Stock Market Investor Sentiment Drops Again…Why?
The earnings disappointments we’re getting are mostly related to businesses with meaningful international operations. The stock market is unenthused by the slowdown in corporate earnings and is (once again) resetting its expectations for the global economy. Oil prices and the S&P 500 Index are the benchmarks for stock market investor sentiment, and they currently reveal a lack of enthusiasm for the future.
In order for the stock market to maintain any upward momentum over the short term, the S&P 500 Index must stay above 1,275. Deterioration below this level would be technically bad. Investor sentiment is changing on a dime these days, with conflicting economic news and a growing consensus that expectations for global economic growth must come down further.
It’s usual to have earnings warnings and disappointments right at the beginning of an earnings season. Big companies are typically good at keeping the marketplace informed. It’s too early this earnings season to form any general consensus about the stock market’s future, and you can’t really make new speculative bets based on the action.
Investor sentiment is going to be all over the place over the coming weeks, and the stock market’s near-term trend looks down. As I’ve been speculating, I wouldn’t be surprised if the Federal Reserve soon acts with a new form of monetary stimulus; it can’t wait much longer because of the upcoming Presidential election. The biggest technical trend for stocks over the near term is good economic news. If the stock market wanes on relative good news, then you know investor sentiment has made a real turn for the worse.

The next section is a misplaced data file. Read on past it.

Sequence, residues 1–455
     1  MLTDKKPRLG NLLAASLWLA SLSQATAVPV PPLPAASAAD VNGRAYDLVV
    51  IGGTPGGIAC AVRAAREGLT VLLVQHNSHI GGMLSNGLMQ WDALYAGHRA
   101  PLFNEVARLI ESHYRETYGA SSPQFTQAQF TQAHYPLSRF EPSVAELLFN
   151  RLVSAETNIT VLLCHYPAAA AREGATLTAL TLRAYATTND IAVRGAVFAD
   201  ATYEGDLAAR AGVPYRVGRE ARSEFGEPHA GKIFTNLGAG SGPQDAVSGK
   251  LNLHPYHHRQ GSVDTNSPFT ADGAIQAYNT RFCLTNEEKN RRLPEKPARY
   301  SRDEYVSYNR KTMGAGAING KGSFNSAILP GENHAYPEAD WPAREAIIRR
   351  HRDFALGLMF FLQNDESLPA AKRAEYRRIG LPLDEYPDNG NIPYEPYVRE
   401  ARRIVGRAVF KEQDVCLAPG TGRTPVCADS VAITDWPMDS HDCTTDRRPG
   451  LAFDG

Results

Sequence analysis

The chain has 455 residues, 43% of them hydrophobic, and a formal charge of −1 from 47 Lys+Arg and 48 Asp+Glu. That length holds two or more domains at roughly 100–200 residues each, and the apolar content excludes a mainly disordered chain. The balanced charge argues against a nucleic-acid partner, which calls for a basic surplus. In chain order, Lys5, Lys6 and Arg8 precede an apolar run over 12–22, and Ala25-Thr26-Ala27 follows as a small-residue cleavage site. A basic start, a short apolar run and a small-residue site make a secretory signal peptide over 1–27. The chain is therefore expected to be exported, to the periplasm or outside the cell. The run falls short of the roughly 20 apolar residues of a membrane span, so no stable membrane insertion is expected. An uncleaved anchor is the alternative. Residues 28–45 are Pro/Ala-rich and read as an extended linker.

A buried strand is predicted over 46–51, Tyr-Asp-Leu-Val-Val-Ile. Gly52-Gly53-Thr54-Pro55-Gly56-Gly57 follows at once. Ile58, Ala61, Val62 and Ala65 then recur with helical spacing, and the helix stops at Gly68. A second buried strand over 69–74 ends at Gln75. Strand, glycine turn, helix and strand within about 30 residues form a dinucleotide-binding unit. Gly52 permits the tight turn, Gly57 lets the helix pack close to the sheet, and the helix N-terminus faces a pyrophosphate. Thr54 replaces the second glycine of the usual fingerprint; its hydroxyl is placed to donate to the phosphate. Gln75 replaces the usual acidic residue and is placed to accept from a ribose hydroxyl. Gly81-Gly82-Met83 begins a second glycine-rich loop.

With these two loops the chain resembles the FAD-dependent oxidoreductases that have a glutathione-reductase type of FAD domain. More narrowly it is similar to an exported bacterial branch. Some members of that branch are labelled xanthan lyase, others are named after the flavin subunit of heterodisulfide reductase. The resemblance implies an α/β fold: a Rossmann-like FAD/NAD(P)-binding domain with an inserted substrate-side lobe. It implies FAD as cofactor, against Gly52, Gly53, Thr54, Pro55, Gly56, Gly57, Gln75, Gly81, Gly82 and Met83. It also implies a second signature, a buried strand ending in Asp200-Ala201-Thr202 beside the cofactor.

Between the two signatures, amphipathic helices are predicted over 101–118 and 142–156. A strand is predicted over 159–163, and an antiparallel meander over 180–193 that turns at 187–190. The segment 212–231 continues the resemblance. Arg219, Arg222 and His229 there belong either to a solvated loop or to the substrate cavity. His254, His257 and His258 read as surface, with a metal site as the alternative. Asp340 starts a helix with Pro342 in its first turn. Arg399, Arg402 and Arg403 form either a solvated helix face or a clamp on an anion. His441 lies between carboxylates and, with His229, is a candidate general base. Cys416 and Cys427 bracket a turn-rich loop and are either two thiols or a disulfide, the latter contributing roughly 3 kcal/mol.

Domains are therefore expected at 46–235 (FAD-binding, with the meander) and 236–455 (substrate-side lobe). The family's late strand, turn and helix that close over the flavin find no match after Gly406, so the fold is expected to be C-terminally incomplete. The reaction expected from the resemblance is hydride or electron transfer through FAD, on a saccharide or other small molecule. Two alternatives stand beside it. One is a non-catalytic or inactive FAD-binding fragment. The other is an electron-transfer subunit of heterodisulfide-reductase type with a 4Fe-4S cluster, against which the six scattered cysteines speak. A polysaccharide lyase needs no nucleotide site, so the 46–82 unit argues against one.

I would say that the risk of the U.S. economy going into recession next year is increasing for the simple reason that U.S. economic news isn’t showing progress. Up until the recent earnings warnings from big, brand-name companies, investor sentiment in the stock market was strong enough to keep stocks from selling off. The real test will be earnings reports from the financial and technology sectors. If the news from these companies can’t get institutional investors to buy, then the stock market is in trouble for the rest of the year.
So the investment climate remains pretty much the same as it’s been for the last two years. Investment risk remains very high, and the likelihood for capital gains is minimal. While investor sentiment changes with the news of the day, long-term fundamentals are now evident in the global economic news.
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Western economies are in a period of slow to no economic growth for the near future. Central banks have done virtually all the monetary stimulus they can, which means that the global economy is on its own. The fragility in investor sentiment recently developed in the stock market because several global U.S. corporations were frank about slowing business conditions in their international operations. Economic data are always a generality, but when a company like Cummins Inc. (NYSE/CMI) says that sales are slowing, that’s real. I expect investor sentiment to continue to deteriorate over the very near term until we get some positive earnings reports.